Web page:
• What is your definition of firmware? Showing your research (links to documentation) or making this a practical question by explaining what you’re trying to do might help us help you. – bmike Jun 8 at 21:56
  • @Nimesh Neema, The link in your comment is an excellent resource, thanks! – user3439894 Jun 8 at 22:42
4

The answer to this depends on what exactly you mean by "controlled by".

In particular it doesn't make sense to say that it is either controlled by "firmware" or "software" - as firmware is also software.

You can define "controlled by" in two interesting ways in this context: Either (a) when is the first software to be run loaded in from disk (i.e. non-firmware), or (b) when does control of the computer (i.e. primarily interrupts) transfer from the firmware to the operating system.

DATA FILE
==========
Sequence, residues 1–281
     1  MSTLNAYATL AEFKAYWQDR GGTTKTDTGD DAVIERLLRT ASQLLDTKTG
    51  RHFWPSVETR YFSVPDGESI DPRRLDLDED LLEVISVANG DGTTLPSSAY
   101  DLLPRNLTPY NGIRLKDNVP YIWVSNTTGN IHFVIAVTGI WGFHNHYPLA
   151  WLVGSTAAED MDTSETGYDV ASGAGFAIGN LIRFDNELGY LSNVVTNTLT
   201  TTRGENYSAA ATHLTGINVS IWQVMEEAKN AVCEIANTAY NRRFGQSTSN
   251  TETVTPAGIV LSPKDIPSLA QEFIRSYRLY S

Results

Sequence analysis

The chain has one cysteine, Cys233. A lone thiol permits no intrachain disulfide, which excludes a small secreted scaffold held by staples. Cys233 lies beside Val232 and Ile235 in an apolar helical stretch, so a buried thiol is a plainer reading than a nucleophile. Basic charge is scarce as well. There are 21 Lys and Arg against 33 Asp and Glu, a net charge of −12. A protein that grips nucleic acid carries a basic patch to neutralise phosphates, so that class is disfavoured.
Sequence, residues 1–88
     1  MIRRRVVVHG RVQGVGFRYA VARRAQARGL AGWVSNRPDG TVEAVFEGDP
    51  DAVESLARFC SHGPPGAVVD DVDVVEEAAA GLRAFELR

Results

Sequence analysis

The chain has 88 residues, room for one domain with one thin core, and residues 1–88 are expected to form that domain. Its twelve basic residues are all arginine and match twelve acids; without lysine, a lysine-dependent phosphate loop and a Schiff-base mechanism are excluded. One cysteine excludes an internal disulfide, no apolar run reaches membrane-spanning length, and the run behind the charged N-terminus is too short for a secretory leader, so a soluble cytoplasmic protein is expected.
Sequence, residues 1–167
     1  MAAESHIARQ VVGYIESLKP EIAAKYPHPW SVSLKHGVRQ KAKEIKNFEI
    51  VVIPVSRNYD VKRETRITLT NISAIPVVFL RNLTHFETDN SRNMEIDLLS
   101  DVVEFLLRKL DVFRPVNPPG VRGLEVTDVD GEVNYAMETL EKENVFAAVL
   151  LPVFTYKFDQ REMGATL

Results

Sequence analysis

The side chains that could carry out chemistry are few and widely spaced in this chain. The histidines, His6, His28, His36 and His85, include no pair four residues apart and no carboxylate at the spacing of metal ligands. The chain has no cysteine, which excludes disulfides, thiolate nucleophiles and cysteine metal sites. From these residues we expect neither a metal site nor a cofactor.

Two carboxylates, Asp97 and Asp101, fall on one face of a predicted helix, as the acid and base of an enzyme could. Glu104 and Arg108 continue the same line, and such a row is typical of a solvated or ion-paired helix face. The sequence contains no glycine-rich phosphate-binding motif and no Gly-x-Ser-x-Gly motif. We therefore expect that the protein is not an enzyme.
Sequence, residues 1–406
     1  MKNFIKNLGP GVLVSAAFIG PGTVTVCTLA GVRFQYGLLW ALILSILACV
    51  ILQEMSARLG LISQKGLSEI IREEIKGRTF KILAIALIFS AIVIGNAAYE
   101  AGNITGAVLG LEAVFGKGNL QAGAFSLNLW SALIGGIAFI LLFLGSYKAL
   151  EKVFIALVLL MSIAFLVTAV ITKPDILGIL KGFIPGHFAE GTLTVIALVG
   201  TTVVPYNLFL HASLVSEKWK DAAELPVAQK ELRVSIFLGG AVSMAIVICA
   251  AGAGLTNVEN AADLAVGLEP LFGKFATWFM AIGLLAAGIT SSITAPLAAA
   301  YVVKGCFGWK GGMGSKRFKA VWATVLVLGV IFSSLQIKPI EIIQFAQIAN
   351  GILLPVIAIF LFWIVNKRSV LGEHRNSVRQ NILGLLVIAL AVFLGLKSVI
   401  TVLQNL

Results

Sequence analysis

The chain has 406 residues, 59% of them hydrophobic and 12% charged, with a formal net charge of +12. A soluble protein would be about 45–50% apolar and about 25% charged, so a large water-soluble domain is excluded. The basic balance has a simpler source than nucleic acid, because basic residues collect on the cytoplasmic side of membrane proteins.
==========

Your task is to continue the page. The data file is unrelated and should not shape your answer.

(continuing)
In either case it works the same way on a Mac as it does on a EFI PC (all modern PCs).

If you take definition (a) the change of control happens when the boot.efi file is loaded in from disk. That file is stored on disk in various places depending on your configuration:

  • HFS+ disk: /System/Library/CoreServices/boot.efi

  • HFS+ and FileVault 2: On a seperate non-encrypted partition

  • APFS (encrypted or not): //System/Library/CoreServices/boot.efi or /usr/standalone/i386/boot.efi. on a seperate preboot volume

If you have a Mac with a T2-chip, additional validation can take place of the boot.efi before it is run, but essentially it is the same process.

In terms of what you see on the monitor during the boot process, the change of control has taken place (a) shortly before you see the FileVault login screen for encrypted HFS+ disks or (b) slightly after you see the white Apple logo on a black background on other systems.

If you instead take definition (b) the change of control happens when the operating system kernel is loaded in and executed. The operating system kernel is located in /System/Library/Kernels/kernel on the actual root volume. At this point the kernel installs a new interrupt table, and control of the CPUs and peripherals is now in the hands of the kernel.